You may recall that the middle of last summer saw us reporting on a somewhat odd trademark dispute between two breweries, Shipyard Brewing Co. and Logboat Brewing Company. Chiefly at issue was the fact that both breweries used images of schooners on their respective labels, except that the images used were laughably different. Also at issue was that Logboat's "Shiphead" beer used the word "head", which Shipyard says it uses in a variety of other beers, such as Pumpkinhead, Melonhead and other variations. Shipyard, notably, does not have a beer called "Shiphead", making this all the more eyebrow-raising.
Well, after we and others reported on this silly lawsuit, it seems that many within the craft beer fanship and community, a passionate group to be sure, felt a desire to let Shipyard Brewing know what they thought of this behavior. This is a common result when passionate fanbases get wind of bad actions taken within an industry. Despite that, Shipyard had apparently decided that all of this backlash was the fault of Logboat Brewing, and added a defamation charge to its lawsuit.
The Maine craft brewery’s complaint alleged that the hundreds of one-star reviews as well as negative news articles were prompted by Logboat employees, who made defamatory statements concerning Shipyard to the public “as retribution for Shipyard filing suit.” The brewery listed three examples of statements it considered to be defamatory:
-Suggestions that Shipyard is pursuing the trademark lawsuit for ulterior motives
-Unsubstantiated claims that Shipyard is a trademark bully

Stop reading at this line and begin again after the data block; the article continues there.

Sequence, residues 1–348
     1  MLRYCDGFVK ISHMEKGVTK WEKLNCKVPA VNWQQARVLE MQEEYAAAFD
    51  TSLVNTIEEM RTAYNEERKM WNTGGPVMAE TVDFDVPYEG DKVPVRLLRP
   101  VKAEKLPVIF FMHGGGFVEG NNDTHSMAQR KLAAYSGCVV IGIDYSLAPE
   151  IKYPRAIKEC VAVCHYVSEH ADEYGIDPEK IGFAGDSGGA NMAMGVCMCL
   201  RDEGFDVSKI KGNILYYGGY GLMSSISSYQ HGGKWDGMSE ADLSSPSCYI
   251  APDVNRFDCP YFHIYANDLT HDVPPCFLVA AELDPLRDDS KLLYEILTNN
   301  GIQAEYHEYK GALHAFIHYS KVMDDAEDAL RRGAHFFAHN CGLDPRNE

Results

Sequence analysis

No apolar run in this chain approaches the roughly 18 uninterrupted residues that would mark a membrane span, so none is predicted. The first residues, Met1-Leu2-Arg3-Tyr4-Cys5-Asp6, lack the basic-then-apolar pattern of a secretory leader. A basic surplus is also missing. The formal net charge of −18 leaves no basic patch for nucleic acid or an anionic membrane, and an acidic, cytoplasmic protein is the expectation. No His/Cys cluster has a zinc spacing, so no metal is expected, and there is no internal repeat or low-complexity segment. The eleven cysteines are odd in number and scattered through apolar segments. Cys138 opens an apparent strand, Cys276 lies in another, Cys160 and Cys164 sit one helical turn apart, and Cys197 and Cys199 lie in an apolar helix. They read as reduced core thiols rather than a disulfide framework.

-General insults concerning Shipyard’s business and the quality of its beers
Well, the judge presiding over all of this has issued a ruling on that portion of this dispute, roundly rejecting the latter two of those three claims by Shipyard because they are matters or expressions of opinion. She went on to say that the claim of ulterior motive is something that could be proved in court and allowed Shipyard to amend its filing accordingly.
U.S. District Court Judge Nanette Laughrey dismissed parts of a defamation claim against Logboat that alleged the craft brewery’s employees slandered Maine-based Shipyard Brewing Company in retaliation for a lawsuit filed in May.
It's not a good first look for Shipyard and it's worth remembering that all of this consternation is in the service of a trademark lawsuit that is wholly unnecessary and one that is almost certainly itself tarnishing the reputation of the brewery in the eyes of the craft beer consuming public. It's probably time for Shipyard to cut both anchor and its losses.